What is Insurtech and what do I need to know about it?

Family sitting at kitchen table, with smart home technology for insurance.

Technology is everywhere, shaping our behaviour now and most likely moreso into the future. Increasingly, it's permeating the world of insurance.

Emerging insurance technology, otherwise known as insurtech, is already reshaping parts of the insurance industry, just as fintech (financial technology) is pushing the boundaries of the financial and banking sector.

At its heart, insurtech aims to provide better value, more flexible and more personalised insurance policies. And it’s all about data. Whether it's through technology in your car, in your home or even attached to your very person, insurance providers are using data to provide more accurate and personalised policies with premiums to match. 

But just how will insurtech change insurance for everyday Australians? From car, home and contents, health and life insurance, here are some of the most exciting insurtech innovations and emerging policies that you’ll want to know about.   

Car Insurance

The technology: Telematics

While this isn't as prominent in Australia as other countries, telematics technology is being integrated into cars around the world. You can check out Mozo's dedicated guide to telematics, but put simply, this technology allows long distance communication.

For example, as part of the eCall initiative all new cars sold in the European Union now need to be fitted with an emergency assistance device. This automatically sends an alert to emergency agencies in the event of a serious crash and provides them with airbag deployment and impact sensor information. The hope is these devices will reduce the time it takes for emergency services to reach serious road accidents, especially in more rural areas.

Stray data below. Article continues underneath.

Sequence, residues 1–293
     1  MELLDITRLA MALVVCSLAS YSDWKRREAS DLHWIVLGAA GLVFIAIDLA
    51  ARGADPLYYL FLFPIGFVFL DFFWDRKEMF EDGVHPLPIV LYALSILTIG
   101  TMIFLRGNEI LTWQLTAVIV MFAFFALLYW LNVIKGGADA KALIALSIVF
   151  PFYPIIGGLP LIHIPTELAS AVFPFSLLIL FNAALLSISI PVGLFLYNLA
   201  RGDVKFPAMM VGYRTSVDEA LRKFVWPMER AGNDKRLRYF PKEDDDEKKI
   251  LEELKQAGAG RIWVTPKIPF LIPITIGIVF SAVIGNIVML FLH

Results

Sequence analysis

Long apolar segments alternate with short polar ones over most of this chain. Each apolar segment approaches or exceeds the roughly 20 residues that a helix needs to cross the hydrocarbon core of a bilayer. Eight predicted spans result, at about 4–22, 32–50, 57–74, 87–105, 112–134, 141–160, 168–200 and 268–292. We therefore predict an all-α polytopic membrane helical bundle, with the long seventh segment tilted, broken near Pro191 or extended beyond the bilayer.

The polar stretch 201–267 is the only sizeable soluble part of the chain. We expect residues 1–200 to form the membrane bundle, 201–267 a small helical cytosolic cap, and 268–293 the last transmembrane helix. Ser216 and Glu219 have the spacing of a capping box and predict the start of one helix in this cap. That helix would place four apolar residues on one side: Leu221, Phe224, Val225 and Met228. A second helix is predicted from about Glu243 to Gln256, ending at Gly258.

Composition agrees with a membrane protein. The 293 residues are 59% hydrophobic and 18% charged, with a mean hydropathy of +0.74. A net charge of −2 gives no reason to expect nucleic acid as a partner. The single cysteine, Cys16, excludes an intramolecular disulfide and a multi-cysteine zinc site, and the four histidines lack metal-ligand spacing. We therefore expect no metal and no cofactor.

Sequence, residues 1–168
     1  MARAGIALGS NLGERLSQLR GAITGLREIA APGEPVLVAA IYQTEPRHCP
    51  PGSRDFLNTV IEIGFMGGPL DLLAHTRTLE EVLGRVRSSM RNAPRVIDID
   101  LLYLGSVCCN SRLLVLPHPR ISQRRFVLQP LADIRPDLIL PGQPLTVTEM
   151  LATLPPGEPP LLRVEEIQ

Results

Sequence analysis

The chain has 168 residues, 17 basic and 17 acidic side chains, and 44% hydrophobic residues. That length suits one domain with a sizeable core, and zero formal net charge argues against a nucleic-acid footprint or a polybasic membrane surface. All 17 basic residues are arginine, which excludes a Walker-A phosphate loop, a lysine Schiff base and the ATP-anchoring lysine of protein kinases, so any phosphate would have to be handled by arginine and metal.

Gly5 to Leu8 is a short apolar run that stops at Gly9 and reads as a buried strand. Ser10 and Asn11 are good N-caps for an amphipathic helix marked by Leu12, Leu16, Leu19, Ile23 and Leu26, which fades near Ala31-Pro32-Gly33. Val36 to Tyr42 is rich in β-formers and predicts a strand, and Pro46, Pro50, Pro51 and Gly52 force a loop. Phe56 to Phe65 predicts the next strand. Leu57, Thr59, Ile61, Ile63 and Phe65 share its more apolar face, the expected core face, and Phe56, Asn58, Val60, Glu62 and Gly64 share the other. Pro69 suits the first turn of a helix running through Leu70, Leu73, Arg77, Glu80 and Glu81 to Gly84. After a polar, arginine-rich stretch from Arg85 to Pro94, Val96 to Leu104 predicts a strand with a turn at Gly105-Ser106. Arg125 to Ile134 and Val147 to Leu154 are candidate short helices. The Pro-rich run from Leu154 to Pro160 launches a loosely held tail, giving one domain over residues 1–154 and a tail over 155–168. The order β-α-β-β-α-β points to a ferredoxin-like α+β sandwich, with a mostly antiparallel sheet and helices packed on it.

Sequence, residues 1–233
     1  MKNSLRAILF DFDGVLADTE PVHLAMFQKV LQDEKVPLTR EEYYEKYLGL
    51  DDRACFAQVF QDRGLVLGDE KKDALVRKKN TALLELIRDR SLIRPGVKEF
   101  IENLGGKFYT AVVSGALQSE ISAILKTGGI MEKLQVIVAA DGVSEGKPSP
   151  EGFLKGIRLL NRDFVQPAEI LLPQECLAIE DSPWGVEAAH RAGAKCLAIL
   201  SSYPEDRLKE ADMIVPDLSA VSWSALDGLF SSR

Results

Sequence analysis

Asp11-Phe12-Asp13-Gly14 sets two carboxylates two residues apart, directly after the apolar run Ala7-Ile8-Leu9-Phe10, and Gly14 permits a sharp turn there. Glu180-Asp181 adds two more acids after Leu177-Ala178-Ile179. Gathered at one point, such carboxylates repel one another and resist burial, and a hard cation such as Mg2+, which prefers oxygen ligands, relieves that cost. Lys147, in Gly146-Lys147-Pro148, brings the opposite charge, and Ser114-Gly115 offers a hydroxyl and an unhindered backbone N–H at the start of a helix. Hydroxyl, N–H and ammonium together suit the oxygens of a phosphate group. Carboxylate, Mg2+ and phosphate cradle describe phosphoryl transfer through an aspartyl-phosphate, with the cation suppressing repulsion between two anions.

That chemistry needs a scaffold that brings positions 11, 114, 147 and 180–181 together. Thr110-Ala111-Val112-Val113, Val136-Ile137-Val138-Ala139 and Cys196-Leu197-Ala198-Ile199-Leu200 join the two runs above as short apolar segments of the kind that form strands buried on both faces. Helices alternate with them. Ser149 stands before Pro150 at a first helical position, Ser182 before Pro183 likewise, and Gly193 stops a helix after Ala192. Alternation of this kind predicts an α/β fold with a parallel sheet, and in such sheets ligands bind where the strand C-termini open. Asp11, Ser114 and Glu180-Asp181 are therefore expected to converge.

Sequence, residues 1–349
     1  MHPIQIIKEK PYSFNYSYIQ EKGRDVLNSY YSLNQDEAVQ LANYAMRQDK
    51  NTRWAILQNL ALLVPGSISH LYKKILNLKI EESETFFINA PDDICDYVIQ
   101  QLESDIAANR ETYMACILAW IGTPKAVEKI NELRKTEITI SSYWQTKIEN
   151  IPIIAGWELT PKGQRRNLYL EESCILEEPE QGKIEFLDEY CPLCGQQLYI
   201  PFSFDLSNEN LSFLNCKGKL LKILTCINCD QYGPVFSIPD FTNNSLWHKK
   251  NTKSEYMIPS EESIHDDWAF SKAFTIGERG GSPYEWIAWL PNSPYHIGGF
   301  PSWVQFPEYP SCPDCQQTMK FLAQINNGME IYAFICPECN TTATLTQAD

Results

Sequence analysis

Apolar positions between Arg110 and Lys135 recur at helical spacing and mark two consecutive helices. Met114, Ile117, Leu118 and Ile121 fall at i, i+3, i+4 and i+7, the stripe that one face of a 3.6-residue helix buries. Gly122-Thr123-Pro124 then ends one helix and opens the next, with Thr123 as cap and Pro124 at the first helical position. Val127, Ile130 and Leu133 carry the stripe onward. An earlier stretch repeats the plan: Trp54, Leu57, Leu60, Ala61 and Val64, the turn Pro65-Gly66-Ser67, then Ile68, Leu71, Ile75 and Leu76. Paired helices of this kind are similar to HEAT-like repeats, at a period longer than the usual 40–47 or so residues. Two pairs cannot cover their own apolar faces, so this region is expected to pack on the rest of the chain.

Similar telematics technology, known as black box insurance, is already changing the way car insurance premiums are calculated. Black box technology is a growing trend in the United Kingdom, with black boxes able to record driving behaviour such as speed, mileage, braking and steering among a host of other variables. This data is then used to create a driver profile which gives insurance companies the ability to offer individually-priced policies depending on how safe you are as a driver.

The policy: Usage-based Insurance

While black box insurance hasn’t hit the mainstream in Australia just yet, a number of Australian car insurance providers are now offering individual, usage-based (or pay-as-you-drive) policies for drivers.

HuddleReal Insurance, and Woolworths are among the insurance providers with policies offering discounts to people who aren’t regular drivers. Usually, customers will elect or agree to drive under a set annual kilometer limit and potentially be rewarded with a lower premium since driving less poses a lower risk of getting in an accident and making an insurance claim.

Home and Contents Insurance

The technology: Smart homes

By now you’ve probably heard about the rise of the ‘smart home’. Modern dwellings can have everything hooked up to a digital system, from smart alarms to motions sensors, thermostats and even leak detectors accessible and controllable with a smartphone.    

But how can this impact your insurance? Imagine you’ve left for work for the day, but out the blue a pipe under your kitchen sink bursts. Normally you’d come home to a soggy mess, but with a smart leak detector you’ll get an alert sent to your phone as soon as it’s detected a leak so you can spring into action and limit the damage.